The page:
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YEREVAN. – Politics on both sides is behind the diplomatic row between Netherlands and Turkey that has escalated over the weekend, Dutch political scientist Nick Ottens believes.

“It doesn't hurt Erdogan to be seen standing up for Turks abroad and it doesn't hurt the ruling parties in the Netherlands to be seen standing up to Turkish bullying,” Ottens in response to a written inquiry by Armenian

The Dutch authorities barred a plane carrying Turkish FM Mevlut Cavusoglu who planned to attend a rally in Rotterdam to inform Turkish citizens about constitutional amendments.

Ottens, political analyst and editor of the Atlantic Sentinel website, believes that the Dutch genuinely tried to find a compromise, for example, having the foreign minister speak at a small event in the Turkish consulate in Rotterdam.

“Only when the Turkish government threatened sanctions if their ministers were not allowed to appear did the Dutch end talks,” he emphasized.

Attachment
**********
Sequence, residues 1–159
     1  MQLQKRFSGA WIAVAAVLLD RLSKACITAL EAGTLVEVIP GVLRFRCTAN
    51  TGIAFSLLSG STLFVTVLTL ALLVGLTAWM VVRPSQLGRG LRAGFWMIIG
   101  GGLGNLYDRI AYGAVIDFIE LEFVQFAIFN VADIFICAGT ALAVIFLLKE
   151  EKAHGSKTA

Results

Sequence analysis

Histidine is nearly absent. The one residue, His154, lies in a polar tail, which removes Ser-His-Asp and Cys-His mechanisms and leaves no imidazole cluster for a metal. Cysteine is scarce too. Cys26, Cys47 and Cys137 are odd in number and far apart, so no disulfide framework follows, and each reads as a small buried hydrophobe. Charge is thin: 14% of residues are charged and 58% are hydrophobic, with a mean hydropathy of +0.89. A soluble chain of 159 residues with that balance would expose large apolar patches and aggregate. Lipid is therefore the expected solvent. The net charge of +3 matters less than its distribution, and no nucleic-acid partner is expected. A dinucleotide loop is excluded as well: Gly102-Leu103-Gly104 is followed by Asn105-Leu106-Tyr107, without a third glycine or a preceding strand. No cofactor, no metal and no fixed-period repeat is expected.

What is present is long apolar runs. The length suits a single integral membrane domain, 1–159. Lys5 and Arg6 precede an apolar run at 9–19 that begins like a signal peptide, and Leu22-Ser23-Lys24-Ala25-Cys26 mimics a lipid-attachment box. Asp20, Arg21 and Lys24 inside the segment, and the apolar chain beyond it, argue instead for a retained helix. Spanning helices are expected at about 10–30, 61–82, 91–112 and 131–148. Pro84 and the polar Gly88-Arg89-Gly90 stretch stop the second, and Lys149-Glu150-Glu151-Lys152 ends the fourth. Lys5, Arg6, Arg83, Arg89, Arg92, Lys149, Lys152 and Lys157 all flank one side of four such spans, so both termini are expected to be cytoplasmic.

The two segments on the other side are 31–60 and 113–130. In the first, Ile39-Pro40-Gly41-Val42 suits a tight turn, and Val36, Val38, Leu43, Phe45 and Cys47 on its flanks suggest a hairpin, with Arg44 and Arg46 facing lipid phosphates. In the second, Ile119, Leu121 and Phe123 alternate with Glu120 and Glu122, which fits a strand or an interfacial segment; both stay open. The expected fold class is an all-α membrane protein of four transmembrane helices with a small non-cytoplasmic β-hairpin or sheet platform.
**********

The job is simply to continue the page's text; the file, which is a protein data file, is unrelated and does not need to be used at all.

The expert explained that the officials in Rotterdam were concerned that a pro-Erdogan rally could lead to riots, and added there had been small riots in Rotterdam as well as Amsterdam in the last couple of days.

Following deterioration of Dutch-Turkish relations, Denmark’s Prime Minister canceled the visit of his Turkish counterpart. Earlier Germany also canceled the campaign meeting of the Turkish ministers, a move that caused tension between Ankara and Berlin.

Asked how the recent scandal might affect future relations between Turkey and the EU on the whole, the analyst replied: “Turkey and the EU still need each other in many ways, but Europeans are losing sympathy for Turkey. The relationship might become more transactional.”

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